Christiana Figueres: [00:29:15] So let's go a little bit deeper into that, Vicki, because you use the term or that would be the term is direct air capture when you capture CO2 in the atmosphere and then use it for, well enhancement. And so, obviously, there is way too much CO2 in the atmosphere and that is the cause of climate change and of all the destruction that we're seeing. But I have to admit, there is a very fine line. And I would love to hear how you walk that fine line, because on the one hand, you're saying, yes, let's take CO2 out of the atmosphere, which I think everyone would agree with. But then you're also saying and the purpose of that is actually to do oil well enhancement. And so I would I would argue there are those who would say, wait, wait, wait, you can't really take CO2 out, which is the problem with climate change, and then use it to take out more fossil fuels or oil in this in this case, which is the one of the major causes of climate change. So that's a very fine line there. And I would love to hear how do you walk that fine line, especially if you are expecting to have some subsidies, government subsidies from that. How do you walk that line and be able to give a compelling argument to the public sector that they should actually invest in this?
Vicki Hollub: [00:30:59] So you're right that the use of oil products certainly emits CO2 in the atmosphere. But what makes our strategy so interesting and unique and so important for the world is that when we inject CO2 into the reservoir to increase oil production, let's say for one barrel of oil, it takes more CO2 injected into the reservoir than what that barrel of oil will emit when used. So that's why this process actually is worst case, carbon neutral, meaning you have to inject the same amount of CO2 into the reservoir as what the barrel emits. But more often it's carbon negative because most reservoirs are going to require a lot more CO2 injection than what the oil production will emit. And that's to us right now. That's the biggest challenge we have, is to help people understand that concept. If people can understand that concept, they're going to be really excited about what we're doing, because what we're doing is there's no way to shut down oil production right now today, because if we did, we would have no telephones, no cars, no televisions. A lot of our medical products wouldn't be able to be made. So a lot of the things that bring us the quality of life that we have today that would just stop immediately.
Vicki Hollub: [00:32:30] So we feel like the gap that we feel in this transition is to make sure as we go through this transition that our oil is neutral or negative because that's what it's going to take. And the other critical thing about this is that using CO2 in an oil reservoir also means that you're getting more oil out of that reservoir. So if you look around the world, when in most reservoirs around the world, only about 10 to 15 to 20 percent of the oil in those reservoirs is ever produced. And so you leave 80 percent of the oil in the ground in those reservoirs. We can recover more than 70 percent of the 75 percent of the oil in a reservoir, we can recover using CO2. So why is this important? This is really, really important because to ensure that as we go through this transition, that the extended development that we have over time can be slowed down and eventually stopped because with our process, if we applied our process, every reservoir in the world basically can't be done. But just theoretically, if it could be done, then that would probably be enough to supply the rest of what we would need in the world if we can get the transition right. And so we are the company that can make this transition happen faster by ultimately providing net zero carbon fuel to the world and aviation needs at maritime needs that we needed to make products. And I feel like the last barrel of oil produced in the world should come from an enhanced oil recovery reservoir and not from any of these other reservoirs. And so we feel like that we will be able to stop development in places where it shouldn't be. Like there are sensitive places around the world where oil should not be developed, the environment should not be disrupted. We believe that getting more out of the reservoirs that exist today will help with that issue as well.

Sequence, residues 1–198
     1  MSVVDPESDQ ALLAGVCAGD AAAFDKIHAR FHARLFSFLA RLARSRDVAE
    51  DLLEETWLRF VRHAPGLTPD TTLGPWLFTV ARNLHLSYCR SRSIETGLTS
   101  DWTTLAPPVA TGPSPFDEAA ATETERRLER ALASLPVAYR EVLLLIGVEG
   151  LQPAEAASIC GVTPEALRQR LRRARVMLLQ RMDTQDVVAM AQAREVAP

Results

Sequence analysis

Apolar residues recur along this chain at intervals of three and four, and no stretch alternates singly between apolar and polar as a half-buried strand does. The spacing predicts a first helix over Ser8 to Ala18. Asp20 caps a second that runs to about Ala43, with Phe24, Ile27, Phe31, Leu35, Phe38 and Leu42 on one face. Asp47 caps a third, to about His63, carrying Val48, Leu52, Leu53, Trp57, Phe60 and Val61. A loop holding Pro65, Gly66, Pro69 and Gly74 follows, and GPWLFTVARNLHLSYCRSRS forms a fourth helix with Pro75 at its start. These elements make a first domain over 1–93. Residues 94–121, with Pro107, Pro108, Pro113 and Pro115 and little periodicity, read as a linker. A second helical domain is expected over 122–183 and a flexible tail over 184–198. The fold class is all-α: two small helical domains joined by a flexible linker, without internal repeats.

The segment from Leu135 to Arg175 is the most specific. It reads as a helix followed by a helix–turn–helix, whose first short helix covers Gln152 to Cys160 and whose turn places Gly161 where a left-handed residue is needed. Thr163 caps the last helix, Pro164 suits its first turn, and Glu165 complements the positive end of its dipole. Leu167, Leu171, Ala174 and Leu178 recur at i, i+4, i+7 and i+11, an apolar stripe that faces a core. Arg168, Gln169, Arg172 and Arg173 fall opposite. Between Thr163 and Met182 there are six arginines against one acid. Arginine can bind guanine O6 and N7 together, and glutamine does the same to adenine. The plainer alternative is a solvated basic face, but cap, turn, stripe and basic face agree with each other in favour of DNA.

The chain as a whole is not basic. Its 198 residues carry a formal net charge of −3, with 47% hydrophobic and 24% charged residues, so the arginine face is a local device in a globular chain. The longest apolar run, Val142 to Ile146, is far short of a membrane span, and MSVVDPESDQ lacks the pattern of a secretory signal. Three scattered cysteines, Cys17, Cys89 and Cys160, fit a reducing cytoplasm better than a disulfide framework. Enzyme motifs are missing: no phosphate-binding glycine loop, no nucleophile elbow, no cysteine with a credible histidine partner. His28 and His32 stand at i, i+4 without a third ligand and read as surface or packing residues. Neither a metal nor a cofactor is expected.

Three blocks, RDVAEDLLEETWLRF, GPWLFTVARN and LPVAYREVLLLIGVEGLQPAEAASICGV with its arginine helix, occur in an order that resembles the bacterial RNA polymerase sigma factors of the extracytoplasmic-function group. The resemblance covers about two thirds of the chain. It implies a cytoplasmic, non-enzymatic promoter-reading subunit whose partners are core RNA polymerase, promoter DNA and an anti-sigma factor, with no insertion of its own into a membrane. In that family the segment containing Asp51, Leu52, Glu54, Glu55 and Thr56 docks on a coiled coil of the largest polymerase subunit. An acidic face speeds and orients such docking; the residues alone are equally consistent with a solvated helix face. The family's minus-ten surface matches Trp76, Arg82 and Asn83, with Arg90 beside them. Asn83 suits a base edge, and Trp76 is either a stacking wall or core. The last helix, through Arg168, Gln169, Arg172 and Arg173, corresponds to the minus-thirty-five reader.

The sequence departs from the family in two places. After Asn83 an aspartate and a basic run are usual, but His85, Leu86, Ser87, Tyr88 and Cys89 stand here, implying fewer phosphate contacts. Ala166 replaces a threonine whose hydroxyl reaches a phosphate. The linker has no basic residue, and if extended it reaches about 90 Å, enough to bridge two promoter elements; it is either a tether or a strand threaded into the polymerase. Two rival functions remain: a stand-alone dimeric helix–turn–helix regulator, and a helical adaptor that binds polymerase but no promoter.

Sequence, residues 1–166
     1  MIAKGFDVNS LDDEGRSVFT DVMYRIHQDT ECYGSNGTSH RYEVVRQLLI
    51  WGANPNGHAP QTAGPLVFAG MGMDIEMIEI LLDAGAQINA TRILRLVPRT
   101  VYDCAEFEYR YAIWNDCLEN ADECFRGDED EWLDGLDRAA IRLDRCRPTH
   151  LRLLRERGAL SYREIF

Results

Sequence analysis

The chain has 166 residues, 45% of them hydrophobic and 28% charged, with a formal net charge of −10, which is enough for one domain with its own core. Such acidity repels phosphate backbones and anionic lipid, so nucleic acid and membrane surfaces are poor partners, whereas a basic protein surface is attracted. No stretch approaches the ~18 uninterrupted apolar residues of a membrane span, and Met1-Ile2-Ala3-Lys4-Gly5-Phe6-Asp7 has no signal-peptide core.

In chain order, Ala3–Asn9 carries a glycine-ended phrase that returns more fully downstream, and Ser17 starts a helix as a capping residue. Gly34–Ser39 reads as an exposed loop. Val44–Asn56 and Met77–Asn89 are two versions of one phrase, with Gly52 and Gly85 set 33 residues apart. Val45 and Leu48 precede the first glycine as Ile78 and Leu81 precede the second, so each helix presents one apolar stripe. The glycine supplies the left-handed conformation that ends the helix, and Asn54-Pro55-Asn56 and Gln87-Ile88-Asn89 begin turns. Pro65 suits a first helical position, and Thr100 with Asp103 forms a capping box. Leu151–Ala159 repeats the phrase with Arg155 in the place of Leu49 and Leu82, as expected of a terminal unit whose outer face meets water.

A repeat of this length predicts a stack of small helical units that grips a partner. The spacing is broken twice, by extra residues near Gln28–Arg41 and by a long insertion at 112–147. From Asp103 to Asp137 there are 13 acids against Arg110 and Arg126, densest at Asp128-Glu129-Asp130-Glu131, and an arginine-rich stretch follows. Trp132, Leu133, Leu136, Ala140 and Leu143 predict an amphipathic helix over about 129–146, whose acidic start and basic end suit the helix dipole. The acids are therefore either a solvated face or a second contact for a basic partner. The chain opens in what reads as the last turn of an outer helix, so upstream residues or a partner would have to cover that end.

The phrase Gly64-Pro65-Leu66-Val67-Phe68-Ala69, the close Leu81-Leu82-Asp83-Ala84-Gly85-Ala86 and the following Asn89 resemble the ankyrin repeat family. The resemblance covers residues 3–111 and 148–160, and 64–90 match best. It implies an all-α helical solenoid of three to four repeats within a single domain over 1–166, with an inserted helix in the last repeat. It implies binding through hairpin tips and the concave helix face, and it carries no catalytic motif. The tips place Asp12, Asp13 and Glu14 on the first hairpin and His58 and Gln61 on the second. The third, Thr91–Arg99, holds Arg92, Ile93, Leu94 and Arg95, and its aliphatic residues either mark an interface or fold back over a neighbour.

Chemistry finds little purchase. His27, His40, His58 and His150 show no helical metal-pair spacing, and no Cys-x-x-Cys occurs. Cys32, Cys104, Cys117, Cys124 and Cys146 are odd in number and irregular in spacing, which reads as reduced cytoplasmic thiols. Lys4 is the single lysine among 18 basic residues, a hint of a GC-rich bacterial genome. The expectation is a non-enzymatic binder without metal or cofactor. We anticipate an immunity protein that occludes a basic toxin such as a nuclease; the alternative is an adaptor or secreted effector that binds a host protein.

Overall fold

Paul Dickinson: [00:34:44] That makes a lot of sense Vicki. But I've got to tell you, I interviewed Jim Mulva, who was running Conocophillips actually back in 2008, and I actually quoted his own website to him in the interview and he was talking about carbon capture and storage. Then Conocophillips is saying it's the gas business in reverse and we know how to do that. And look, I remember I once wrote a plot for a film that never happened about how the world was safe from climate change. But the oil and gas industry was there doing massive direct capture and massive carbon capture and storage. But, you know, 12, 13 years is a long time now. I don't doubt your brilliant engineers. You've got the best engineers in the world. You could kind of do anything. What's it going to take to get the taxation regulation to get our policy right so you can make money saving the world? What's that going to take? And are you able to kind of make those laws happen?